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SHORTLISTS FOR 2019 CILIP CARNEGIE AND KATE GREENAWAY MEDALS ANNOUNCED

  • Three verse novels make the Carnegie Medal shortlist for the first time, as books celebrating freedom of expression loom large across both lists

  • Illustrator Jon Klassen in the running for second Kate Greenaway Medal win

  • Over 4,500 reading groups across the UK embark on Awards’ shadowing scheme following shortlist announcement

www.ckg.org.uk / #CKG2019 / #BestChildrensBooks

Today (Tuesday 19th March 2019), the eight-strong shortlists for the prestigious CILIP Carnegie and Kate Greenaway Medals, the UK’s oldest book awards for children and young people, are revealed. Selected by volunteer Youth Librarians from longlists of 20 books per Medal, these titles reflect the very best in children’s writing and illustration published in the UK.

Recognising a diverse range of voices and perspectives is a core mission of the Awards, and this year’s shortlists comprise books by authors and illustrators from across the globe, offering multiple perspectives – from suffragette to slam poet, tribesman to basketball player – and settings as varied as Coney Island, the East End slums of 1920s London, an Indian forest and a remote mountain village in the Philippines. Female voices are strongly represented across both lists, with 11 of the 16 shortlisted books written or illustrated by women, and around half the books featuring female protagonists.

The 2019 shortlists are as follows:

CILIP Carnegie Medal shortlist (alphabetical by author surname):

  1. The Poet X by Elizabeth Acevedo (Electric Monkey)

  2. Rebound by Kwame Alexander, illustrated by Dawud Anyabwile (Andersen Press)

  3. The House with Chicken Legs by Sophie Anderson, illustrated by Elisa Paganelli (Usborne Books)

  4. Bone Talk by Candy Gourlay (David Fickling Books

  5. A Skinful of Shadows by Frances Hardinge (Macmillan Children's Books)

  6. Things A Bright Girl Can Do by Sally Nicholls (Andersen Press)

  7. Long Way Down by Jason Reynolds, illustrated by Chris Priestley (Faber & Faber)

  8. The Land of Neverendings by Kate Saunders (Faber & Faber)

CILIP Kate Greenaway Medal shortlist (alphabetical by illustrator surname):

  1. The Day War Came illustrated by Rebecca Cobb, written by Nicola Davies (Walker Books)

  2. Ocean Meets Sky illustrated and written by Eric Fan and Terry Fan (Lincoln Children’s Books)

  3. Beyond the Fence illustrated and written by Maria Gulemetova (Child's Play Library)

  4. The Wolf, the Duck and the Mouse illustrated by Jon Klassen, written by Mac Barnett (Walker Books)

  5. Julian is a Mermaid illustrated and written by Jessica Love (Walker Books)

  6. You're Safe With Me illustrated by Poonam Mistry, written by Chitra Soundar (Lantana Publishing)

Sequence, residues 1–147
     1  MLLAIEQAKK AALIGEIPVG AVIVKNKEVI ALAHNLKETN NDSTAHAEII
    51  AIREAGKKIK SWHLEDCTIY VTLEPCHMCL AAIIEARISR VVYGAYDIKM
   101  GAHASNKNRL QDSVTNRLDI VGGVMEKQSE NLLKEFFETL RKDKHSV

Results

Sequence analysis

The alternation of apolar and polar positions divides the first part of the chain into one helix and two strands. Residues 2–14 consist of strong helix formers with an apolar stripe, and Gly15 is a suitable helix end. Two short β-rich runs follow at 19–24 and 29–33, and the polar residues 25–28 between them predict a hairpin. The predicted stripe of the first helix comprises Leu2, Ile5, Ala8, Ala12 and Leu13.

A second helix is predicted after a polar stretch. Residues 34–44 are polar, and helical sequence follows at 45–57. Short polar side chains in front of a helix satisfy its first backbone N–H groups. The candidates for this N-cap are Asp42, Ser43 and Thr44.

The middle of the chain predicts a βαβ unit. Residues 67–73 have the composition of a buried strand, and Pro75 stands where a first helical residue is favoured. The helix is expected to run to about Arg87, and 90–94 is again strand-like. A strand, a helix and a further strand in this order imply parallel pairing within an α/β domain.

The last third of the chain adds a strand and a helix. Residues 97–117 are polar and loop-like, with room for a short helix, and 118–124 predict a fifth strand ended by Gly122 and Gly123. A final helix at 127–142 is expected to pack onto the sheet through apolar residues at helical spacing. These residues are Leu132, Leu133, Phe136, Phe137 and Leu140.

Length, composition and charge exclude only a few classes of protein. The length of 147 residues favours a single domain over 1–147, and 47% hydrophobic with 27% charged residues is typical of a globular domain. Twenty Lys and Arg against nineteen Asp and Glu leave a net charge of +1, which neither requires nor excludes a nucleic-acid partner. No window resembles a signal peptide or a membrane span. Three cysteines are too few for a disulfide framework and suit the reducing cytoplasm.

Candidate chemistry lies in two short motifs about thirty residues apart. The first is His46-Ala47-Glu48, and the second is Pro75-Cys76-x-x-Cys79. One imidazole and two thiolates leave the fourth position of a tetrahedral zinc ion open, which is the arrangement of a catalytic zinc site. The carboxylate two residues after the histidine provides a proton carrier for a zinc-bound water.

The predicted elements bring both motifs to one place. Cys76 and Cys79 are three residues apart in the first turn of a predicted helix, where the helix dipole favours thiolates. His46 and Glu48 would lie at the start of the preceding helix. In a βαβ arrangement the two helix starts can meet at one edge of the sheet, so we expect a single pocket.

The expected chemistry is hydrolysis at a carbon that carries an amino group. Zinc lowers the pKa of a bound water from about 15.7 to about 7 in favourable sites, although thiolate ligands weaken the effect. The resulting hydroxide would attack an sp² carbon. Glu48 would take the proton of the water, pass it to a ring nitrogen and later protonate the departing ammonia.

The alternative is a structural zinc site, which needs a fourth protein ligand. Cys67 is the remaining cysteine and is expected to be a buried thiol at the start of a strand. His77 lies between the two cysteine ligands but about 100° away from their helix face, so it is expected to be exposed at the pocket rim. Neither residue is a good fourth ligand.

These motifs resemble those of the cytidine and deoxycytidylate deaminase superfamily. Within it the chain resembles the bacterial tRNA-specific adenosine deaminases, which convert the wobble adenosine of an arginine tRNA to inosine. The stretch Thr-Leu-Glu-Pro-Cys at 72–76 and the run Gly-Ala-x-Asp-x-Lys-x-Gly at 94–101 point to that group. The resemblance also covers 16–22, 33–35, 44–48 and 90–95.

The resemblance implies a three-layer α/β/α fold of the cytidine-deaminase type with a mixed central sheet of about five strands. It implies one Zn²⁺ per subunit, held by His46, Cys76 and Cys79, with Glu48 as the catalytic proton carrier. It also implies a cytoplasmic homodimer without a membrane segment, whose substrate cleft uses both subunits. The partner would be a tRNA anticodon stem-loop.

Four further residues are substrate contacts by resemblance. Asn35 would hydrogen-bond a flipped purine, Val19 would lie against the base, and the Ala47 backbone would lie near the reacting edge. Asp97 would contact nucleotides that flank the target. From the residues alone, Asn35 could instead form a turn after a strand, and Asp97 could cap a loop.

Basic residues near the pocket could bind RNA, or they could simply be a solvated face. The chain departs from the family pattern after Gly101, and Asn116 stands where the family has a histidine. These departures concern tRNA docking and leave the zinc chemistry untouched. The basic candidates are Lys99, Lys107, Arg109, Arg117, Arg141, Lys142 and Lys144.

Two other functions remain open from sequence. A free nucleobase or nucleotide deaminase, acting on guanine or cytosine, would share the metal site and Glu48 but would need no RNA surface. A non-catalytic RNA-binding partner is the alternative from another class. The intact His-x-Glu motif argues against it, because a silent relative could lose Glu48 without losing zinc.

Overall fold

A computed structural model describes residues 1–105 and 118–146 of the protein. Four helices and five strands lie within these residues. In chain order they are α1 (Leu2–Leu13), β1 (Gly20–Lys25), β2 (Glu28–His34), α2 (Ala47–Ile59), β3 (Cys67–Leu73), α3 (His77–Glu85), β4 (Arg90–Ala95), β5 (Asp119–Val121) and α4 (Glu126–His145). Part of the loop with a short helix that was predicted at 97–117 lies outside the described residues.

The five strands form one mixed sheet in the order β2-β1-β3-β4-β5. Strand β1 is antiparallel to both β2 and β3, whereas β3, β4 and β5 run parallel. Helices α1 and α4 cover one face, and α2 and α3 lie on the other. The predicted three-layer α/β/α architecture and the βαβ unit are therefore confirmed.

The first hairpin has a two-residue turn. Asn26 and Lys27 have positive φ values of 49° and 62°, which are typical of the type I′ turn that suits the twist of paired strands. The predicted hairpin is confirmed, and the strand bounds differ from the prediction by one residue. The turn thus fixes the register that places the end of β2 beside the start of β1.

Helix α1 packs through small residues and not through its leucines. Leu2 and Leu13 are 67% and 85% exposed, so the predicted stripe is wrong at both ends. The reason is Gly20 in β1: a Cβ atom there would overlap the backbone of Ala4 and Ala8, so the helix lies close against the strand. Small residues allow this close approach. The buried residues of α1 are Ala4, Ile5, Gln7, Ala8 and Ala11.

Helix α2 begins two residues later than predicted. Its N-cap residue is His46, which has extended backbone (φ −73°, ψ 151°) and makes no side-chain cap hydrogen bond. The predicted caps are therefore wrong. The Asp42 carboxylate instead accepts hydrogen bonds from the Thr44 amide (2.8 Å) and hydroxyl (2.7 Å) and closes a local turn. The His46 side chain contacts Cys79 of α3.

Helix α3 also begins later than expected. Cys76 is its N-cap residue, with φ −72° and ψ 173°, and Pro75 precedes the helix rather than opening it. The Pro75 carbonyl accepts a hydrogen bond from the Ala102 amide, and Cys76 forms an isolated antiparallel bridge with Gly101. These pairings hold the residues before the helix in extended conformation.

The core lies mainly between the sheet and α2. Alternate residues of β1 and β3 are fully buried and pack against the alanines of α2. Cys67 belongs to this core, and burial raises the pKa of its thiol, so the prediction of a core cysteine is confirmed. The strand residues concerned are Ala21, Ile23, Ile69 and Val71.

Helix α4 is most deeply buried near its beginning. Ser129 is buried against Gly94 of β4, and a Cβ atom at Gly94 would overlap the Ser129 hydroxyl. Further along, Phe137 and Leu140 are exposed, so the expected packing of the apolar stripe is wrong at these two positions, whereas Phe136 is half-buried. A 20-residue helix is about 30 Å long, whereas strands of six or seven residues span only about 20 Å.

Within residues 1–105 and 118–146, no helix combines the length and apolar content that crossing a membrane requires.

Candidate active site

7. The Lost Words illustrated by Jackie Morris, written by Robert Macfarlane (Hamish Hamilton)

  8. Suffragette: The Battle for Equality illustrated and written by David Roberts (Two Hoots)

Three verse novels make the Carnegie shortlist for the first time in the Medal’s 81-year history. Elizabeth Acevedo’s The Poet X, Kwame Alexander’s Rebound and Jason Reynold’s Long Way Down each use free verse to create fresh and emotionally impactful coming-of-age stories, blending influences from slam poetry and hip-hop to explore identity, first love, loss and gang crime. One verse novel has previously won the Carnegie Medal: Sarah Crossan’s One, in 2016.

Books celebrating freedom of expression appear widely across both lists: whether through ungendered self-expression (Julian is a Mermaid by Jessica Love), rewilding through nature (The Lost Words, illustrated by Jackie Morris), female emancipation (Things a Bright Girl Can Do by Sally Nicholls and Suffragette: The Battle for Equality by David Roberts) or emotional empowerment (Beyond the Fence by Maria Gulemetova)

This freedom of expression extends to the techniques used by authors and illustrators to explore different issues and perspectives, in turn promoting empathy, tolerance and understanding in their readers. In addition to the three verse novels on the Carnegie shortlist, The Lost Words – illustrated by Jackie Morris – uses spells to conjure up the near-lost words of nature, whilst Sophie Anderson (The House with Chicken Legs), Kate Saunders (The Land of Neverendings) and Eric and Terry Fan (Ocean Meets Sky) use folklore and fantasy as a basis for lyrical storytelling around love, loss and the power of the imagination. Candy Gourlay (Bone Talk) and Frances Hardinge (A Skinful of Shadows) offer vivid and haunting stories about growing up in a reality where the spirit-world encroaches on this one.